Do you ever wonder what to do with that skunk living under your deck, or those rabbits eating your sod and nibbling on your bushes and trees? Are you worried about your pets being eaten by coyotes or foxes, or how to deal with those pesky tree squirrels in your back yard?
The building boom along Colorado’s Front Range has forced wildlife to flee or to adapt to urban living. Animals that adapt often find themselves face-to-face with humans who don’t want to share the habitat. To assist in resolving these conflicts between humans and animals, Cooperative Extension volunteers have received special training in resolving wildlife conflicts from Colorado State University. Wildlife Masters are volunteers who help citizens make informed decisions about nuisance and desired wildlife in urban, suburban and rural settings.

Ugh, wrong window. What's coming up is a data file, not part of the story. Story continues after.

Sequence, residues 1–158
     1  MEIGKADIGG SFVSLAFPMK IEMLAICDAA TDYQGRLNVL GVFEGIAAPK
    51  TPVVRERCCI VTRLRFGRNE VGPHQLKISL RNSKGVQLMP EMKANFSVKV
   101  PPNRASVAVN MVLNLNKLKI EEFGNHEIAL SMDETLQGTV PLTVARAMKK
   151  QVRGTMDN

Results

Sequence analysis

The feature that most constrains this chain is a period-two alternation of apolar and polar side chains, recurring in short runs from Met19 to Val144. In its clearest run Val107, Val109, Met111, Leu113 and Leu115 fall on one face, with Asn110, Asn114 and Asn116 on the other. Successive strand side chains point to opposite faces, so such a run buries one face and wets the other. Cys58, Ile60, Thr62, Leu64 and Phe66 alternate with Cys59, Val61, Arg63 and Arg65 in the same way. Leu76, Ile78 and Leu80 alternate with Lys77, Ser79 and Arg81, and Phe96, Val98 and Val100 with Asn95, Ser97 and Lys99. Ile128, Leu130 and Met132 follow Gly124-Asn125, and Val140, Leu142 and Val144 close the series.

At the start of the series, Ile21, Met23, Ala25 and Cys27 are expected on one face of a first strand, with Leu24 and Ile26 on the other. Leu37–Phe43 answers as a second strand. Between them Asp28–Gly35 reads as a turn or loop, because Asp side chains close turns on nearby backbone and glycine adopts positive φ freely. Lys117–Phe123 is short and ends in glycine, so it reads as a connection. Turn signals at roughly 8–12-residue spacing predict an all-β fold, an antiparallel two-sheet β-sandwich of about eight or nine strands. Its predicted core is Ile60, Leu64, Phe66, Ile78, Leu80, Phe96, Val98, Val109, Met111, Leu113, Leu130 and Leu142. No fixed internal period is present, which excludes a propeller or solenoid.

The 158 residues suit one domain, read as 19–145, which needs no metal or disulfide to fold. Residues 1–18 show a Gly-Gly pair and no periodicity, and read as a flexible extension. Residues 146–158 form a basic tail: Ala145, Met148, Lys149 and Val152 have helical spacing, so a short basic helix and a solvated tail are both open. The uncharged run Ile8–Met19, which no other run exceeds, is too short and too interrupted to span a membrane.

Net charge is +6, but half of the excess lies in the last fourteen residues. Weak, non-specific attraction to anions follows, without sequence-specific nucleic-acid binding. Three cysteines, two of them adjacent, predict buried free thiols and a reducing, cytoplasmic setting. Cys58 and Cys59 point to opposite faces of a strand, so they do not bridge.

If you desire assistance in resolving Wildlife conflicts contact the Weld County Wildlife Masters Hotline in the Weld County Extension Office, (970) 356-4000 ext. 4190.
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Colorado Gov. Jared Polis is expected to sign SB 21-87, known as the Farm Workers Bill of Rights, though much of the content will be decided through the rulemaking process.